I never give up on projects, however I don't really have a long track record of projects to say that I won't in the future. I think that making outlines for all the stories I come up with during the development of my current project and keeping those in reserve to pick from once I want to start a new project helps immensely. If you only work on the best 1/20 projects that your imagination comes up with, it tends to yield better results. And I think everyone agrees that the idea you just get out of nowhere one day is better than an idea you get forcing yourself to come up with a premise for a new project on the spot, so stockpile those.
With teams, I can say there's one project that never got of the ground because of disagreements between me and the other person. Neither of us was incapable or lacking in skill or motivation, but the combination was just a poor one. S&Y on the other hand went well despite some potholes in the road.
When we're talking groups I can both say from last month's experience and from hearsay from pretty much everyone; It all comes down to recruiting the right people. People who can do what they promise and do so within schedule. Stalker&Yandere been blessed with the core trifecta of any VN (writing, sprites, coding) all being people who made their deadlines and did what they had to do. If any of those people is someone who doesn't reply or stalls indefinately it can ruin the entire project. The others are also important, obviously, but their work can usually be filled with placeholders so the others can continue for the time being.
If anyone doesn't do what they have to, they can be given additional... incentive.
If the project manager gets crappy placeholder images for their workload until they do their job and those placeholders make it into the project with their name in the credits, it can work as a charm to motivate them. Just kidding, that doesn't actually work (that well). Good management, clear schedules that the teammates agree to beforehand and a nice team-building enviroment (such as Discord) will help though.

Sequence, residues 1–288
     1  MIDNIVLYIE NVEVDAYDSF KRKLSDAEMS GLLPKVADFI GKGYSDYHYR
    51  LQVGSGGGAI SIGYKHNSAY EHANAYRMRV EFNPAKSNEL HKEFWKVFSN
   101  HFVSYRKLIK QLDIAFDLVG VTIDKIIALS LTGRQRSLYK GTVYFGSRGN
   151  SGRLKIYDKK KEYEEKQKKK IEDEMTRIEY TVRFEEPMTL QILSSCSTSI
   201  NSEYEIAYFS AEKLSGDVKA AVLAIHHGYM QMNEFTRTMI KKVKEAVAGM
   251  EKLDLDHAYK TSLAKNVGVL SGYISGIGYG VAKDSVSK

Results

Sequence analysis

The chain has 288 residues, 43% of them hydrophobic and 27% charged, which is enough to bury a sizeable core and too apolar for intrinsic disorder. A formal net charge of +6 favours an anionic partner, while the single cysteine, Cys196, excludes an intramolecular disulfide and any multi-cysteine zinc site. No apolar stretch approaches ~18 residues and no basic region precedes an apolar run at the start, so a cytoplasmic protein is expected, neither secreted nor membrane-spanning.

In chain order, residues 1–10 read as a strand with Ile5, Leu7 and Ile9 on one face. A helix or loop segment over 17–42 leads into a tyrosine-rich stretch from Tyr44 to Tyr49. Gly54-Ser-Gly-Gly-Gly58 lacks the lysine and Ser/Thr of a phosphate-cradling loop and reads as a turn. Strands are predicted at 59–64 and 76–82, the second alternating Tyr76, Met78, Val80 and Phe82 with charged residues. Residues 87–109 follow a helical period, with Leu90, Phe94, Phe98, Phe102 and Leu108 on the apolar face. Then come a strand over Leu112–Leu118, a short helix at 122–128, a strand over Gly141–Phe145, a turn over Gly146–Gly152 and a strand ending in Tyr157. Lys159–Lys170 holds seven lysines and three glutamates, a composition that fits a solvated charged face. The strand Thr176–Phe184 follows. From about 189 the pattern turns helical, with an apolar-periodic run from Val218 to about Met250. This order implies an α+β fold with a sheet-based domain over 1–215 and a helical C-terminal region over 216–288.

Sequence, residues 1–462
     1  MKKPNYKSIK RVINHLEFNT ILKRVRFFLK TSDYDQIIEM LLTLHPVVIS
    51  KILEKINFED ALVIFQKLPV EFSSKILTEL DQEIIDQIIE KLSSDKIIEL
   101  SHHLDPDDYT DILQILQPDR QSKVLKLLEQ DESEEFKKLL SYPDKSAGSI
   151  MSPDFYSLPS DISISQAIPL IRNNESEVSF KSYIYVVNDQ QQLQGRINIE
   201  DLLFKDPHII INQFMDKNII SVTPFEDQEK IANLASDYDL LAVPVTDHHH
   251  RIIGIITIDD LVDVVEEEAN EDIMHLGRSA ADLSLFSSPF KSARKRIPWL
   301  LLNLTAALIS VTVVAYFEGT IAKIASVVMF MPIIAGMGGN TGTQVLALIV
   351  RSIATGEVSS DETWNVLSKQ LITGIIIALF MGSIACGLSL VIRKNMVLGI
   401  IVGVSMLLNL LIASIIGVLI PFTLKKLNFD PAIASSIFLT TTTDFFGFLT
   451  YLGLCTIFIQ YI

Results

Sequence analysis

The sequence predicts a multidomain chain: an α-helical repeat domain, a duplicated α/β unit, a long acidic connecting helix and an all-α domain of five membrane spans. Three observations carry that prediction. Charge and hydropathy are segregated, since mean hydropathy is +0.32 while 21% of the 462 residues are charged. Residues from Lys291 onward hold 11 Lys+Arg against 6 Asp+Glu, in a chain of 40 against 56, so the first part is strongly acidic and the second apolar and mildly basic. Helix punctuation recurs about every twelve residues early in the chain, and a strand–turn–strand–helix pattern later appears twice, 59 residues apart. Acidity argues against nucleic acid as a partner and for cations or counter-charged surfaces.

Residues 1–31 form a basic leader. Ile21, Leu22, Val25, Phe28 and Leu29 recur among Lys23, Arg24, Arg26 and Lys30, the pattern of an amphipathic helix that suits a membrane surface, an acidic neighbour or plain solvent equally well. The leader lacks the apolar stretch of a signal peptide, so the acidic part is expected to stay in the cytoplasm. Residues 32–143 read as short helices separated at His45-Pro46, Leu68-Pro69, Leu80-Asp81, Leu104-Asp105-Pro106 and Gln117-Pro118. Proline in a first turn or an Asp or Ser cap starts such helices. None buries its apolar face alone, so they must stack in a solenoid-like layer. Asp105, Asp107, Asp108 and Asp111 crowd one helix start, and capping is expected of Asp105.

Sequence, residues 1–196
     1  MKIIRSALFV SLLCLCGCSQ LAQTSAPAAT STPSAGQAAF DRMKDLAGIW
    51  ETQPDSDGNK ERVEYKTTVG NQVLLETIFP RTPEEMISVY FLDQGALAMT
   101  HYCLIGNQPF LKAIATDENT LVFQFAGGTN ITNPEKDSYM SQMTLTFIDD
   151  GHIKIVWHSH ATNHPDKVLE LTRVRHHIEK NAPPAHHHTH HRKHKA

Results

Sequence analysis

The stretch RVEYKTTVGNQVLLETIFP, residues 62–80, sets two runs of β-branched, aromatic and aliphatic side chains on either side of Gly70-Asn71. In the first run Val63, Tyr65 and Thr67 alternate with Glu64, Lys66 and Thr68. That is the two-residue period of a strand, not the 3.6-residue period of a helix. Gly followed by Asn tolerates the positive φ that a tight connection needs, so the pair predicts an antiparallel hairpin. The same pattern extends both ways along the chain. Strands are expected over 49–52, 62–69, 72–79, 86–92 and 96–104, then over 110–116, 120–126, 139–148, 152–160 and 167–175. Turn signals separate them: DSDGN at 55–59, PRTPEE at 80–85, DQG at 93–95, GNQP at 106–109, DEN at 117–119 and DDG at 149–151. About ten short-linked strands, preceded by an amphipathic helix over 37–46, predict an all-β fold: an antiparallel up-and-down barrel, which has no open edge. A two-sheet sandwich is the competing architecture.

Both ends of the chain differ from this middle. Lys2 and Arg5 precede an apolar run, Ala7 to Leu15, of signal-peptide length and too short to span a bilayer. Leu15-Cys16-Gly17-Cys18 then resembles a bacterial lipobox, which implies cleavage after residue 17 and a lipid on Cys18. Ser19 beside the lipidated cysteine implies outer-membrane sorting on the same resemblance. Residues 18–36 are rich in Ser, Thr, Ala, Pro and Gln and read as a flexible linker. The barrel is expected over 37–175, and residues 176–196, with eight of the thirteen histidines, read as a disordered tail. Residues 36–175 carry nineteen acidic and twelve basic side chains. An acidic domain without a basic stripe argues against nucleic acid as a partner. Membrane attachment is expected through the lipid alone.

If you're a solodev, then it will come down to focus and dedication. And knowing your own limitations, of course. In between someone who did a sloppy job on everything but their preferred task and someone who'll never finish a project because they keep re-doing, improving and rewriting their work indefinately, you'll need to find a middle ground. And tell yourself to stick to one style without improving until the project is done. If you don't, you can be redoing parts of the project endlessly without ever getting to a release.
If I'd have to give three simple guidelines to increase your chances of success for either solo or team (assuming you're the writer):
1. Write an outline of the story. Not lore, a list of your characters or actual chapters/excerpts of scenes you can already envision. A summary of the story in chronological order with all scenes and important events listed. If you can't make the story without having to worry about pacing, grammar, splitting routes etc., that's a good indication you'll hit the same writer's block x10 writing the actual story. P.S. No one will ever have to see it, so the outline can be in your native language or written as vaguely (to others) as you'd like.
2. Wait at least two weeks after having the idea before you start the project, preferably even longer. If it's a good story you'll still be enthusiastic about it then. If it's a spur of the moment thing, rather forgetable or way too heavily relying on a series you're enthusiastic about at the moment, you might find your interest fading while you're making the project. Not having started yet will be much less of a morale-drop when you find out your initial hype wasn't lasting.
2.2 You are allowed to make an outline right away to make sure you won't forget anything, however the two weeks won't start until you finish/stop writing that outline.
3. Assuming you made that outline, apply Chekhov's gun to everything. Every event, side-plot, character, sprite, CG, BG. Everything that isn't absolutely necessary is best scrapped. It's much more manageable to add a new character (thus a new sprite etc.) later than having a list of more sprites than you end up using. And with CG, those can pile up quickly if you're not careful when writing the story while many can be easily written out.
For S&Y, I wrote the story and then completely rewrote certain parts to scrap assets such as scrappable BGs and CGs. I'm glad I did because some parts were already a problem with the amount of assets we had now. And for second story; one third of the project, I wrote that while not allowing myself to add any more art assets than what we already needed for the first story, thus adding more content without jeopardising the project release.